Share this post

Words by Trent Woods

We aim to design at least one ‘good room’ in a house - the living room, the one we spend our waking hours in, the one we live in. The best living rooms are also directly connected to a garden which provides fresh air, sunshine, warmth, a connection to nature, as well as another space to live in, a second living room-just outside.

In the houses we design, we consider the garden the second good room. It’s also the most affordable space in a new home, the one you don’t pay for, it’s basically unimproved block value. It’s also the room you project yourself onto, the one you make, bit by bit over time, adding value along the way.

The dilemma we find ourselves in is that houses are getting larger and blocks of land are getting smaller. The cheapest and most affordable room, the garden, is shrinking displaced by more house and more cost. Gardens have been reduced to a small paved and roofed alfresco with little appeal or prospect.

 Displayed is a stylish kitchen with modern amenities, white cabinetry, and a large wooden dining table complemented by matching chairs. The design incorporates exposed brick walls, blending industrial and contemporary elements. Large, black-framed windows and doors open to the exterior, offering views of the adjacent outdoor space and providing a bright and airy atmosphere.
Sharp House by Steelehouse Architecture. Photography by Luke Carter Wilton
Sharp House by Steelehouse Architecture.his image shows the exterior of a modern home featuring a unique blend of materials, with exposed brickwork, wooden cladding, and large glass windows. The architecture showcases clean lines and geometric forms, with a cantilevered upper section creating a covered outdoor area. The garden is well-kept, with a stone pathway leading to the entrance.
Sharp House by Steelehouse Architecture. Photography by Luke Carter Wilton

In the best houses, the living room and garden, are totally connected. They flow into each other, and are used as extensions of each other. More importantly, they both perform better when they’re connected. Living rooms are enhanced when they’re naturally lit, ventilated, and warmed by the sun. They’re also cheaper to live in, using less energy for heating, cooling and lighting.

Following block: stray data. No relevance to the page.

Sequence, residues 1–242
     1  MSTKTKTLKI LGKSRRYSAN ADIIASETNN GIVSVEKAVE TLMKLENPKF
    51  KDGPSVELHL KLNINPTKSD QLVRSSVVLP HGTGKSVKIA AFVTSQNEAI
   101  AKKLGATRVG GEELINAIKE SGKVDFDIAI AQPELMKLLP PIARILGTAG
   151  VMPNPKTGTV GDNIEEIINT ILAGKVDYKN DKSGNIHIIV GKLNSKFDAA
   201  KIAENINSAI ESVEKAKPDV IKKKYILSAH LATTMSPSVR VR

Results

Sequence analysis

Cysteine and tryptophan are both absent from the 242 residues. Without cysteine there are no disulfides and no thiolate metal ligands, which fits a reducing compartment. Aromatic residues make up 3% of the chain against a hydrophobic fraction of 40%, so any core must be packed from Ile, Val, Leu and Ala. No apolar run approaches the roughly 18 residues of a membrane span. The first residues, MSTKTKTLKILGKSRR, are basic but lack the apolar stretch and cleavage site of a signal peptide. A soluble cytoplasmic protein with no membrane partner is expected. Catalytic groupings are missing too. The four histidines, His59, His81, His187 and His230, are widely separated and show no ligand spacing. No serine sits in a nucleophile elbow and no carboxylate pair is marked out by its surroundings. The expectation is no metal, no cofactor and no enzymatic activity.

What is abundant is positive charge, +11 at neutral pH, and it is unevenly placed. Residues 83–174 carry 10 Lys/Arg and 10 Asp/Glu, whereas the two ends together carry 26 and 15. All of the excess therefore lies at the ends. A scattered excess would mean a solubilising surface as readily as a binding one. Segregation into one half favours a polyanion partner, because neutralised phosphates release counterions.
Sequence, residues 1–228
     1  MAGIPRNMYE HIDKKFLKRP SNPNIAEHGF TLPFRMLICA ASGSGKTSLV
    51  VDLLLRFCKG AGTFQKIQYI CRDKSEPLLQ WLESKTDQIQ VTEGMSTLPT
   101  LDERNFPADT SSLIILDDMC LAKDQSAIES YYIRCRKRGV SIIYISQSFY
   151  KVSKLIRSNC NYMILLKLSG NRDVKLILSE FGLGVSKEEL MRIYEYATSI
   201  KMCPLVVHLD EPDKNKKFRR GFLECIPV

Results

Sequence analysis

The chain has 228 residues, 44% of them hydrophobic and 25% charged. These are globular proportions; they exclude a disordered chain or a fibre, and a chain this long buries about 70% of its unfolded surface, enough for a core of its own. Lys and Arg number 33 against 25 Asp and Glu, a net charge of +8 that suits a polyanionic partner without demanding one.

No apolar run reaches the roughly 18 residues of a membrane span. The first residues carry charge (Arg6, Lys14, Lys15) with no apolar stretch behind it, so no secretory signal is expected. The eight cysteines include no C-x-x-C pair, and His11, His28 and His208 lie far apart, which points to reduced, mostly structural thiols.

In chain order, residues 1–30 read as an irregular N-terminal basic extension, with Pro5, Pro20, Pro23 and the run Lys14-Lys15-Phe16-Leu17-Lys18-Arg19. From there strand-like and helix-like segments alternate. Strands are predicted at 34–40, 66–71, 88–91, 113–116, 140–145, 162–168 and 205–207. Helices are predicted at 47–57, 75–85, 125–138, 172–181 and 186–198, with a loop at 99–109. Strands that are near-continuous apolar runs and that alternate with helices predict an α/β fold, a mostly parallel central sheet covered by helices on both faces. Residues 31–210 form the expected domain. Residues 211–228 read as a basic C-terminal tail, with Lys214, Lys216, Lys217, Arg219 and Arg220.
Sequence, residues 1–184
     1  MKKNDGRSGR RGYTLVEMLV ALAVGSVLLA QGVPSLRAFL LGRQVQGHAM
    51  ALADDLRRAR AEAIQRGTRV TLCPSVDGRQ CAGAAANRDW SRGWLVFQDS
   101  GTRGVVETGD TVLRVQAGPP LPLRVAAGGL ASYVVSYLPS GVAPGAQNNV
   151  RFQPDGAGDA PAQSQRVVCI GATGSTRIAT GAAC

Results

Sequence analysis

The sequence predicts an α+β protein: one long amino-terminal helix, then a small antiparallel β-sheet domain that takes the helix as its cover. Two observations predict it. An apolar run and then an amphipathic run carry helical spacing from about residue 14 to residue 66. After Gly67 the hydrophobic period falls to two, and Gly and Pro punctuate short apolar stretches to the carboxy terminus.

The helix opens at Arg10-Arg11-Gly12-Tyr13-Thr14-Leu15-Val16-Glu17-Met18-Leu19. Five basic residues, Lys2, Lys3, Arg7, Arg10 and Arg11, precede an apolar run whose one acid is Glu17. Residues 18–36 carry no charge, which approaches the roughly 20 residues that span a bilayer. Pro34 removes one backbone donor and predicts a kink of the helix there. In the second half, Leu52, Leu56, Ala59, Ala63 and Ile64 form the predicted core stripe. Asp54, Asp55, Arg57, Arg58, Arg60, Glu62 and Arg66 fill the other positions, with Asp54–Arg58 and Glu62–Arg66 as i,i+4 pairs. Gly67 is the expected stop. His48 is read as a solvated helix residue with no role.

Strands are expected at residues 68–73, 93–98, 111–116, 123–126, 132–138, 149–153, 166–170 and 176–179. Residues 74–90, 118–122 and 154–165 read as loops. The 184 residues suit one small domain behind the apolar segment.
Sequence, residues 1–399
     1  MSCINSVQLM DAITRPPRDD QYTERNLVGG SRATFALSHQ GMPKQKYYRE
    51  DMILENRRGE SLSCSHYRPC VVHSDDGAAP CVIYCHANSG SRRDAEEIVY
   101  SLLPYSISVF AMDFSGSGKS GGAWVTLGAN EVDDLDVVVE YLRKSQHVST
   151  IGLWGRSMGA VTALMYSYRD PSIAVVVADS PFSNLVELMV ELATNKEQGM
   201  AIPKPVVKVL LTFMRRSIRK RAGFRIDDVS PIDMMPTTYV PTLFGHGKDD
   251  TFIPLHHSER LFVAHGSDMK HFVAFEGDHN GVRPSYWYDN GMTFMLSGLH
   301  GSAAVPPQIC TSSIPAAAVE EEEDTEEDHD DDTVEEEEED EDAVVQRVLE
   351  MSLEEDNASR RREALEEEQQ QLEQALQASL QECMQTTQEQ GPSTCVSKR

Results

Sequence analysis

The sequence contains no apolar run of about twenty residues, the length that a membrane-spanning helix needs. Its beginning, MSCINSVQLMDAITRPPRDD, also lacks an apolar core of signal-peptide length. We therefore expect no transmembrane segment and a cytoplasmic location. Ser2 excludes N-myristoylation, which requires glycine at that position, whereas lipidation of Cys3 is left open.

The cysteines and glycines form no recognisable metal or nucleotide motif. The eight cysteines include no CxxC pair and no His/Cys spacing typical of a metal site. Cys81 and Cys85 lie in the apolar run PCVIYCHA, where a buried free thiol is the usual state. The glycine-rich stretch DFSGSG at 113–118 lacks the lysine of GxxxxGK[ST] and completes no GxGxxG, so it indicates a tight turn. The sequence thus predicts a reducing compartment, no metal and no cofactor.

Gardens and living rooms need to be a decent size to be functional and they need to be in the right place, facing the right direction. Both thrive in the sun and need good orientation for this to happen. Luckily, every block of land has access to northern orientation. This does require design effort and greater value needs to be placed on our living rooms and gardens than on our cars.

The recently deferred State Planning Policy 7.3 for residential dwellings understood these two good rooms and their symbiotic relationship and had provisions to ensure they were connected, functional and sunny. Those provisions would have made our homes more sustainable and healthier as well as more affordable to build and to occupy.

Sharp House by Steelehouse Architecture.The photo depicts a contemporary, spacious kitchen and dining area with a minimalist design. The kitchen features sleek white cabinetry with a contrasting dark backsplash and a large kitchen island with a white marble countertop. The dining area includes a solid wood table with matching chairs. Large windows and sliding doors allow for an abundance of natural light and a seamless connection to the outdoor garden.
Sharp House by Steelehouse Architecture. Photography by Luke Carter Wilton
Sharp House by Steelehouse Architecture.The final image presents the rear of a contemporary house, characterized by its corrugated metal roof and warm wooden soffits. The design is a harmonious combination of industrial and natural elements, featuring large glass windows for an indoor-outdoor living experience. The backyard is tidy, with a narrow garden bed lining the brick base of the home.
Sharp House by Steelehouse Architecture. Photography by Luke Carter Wilton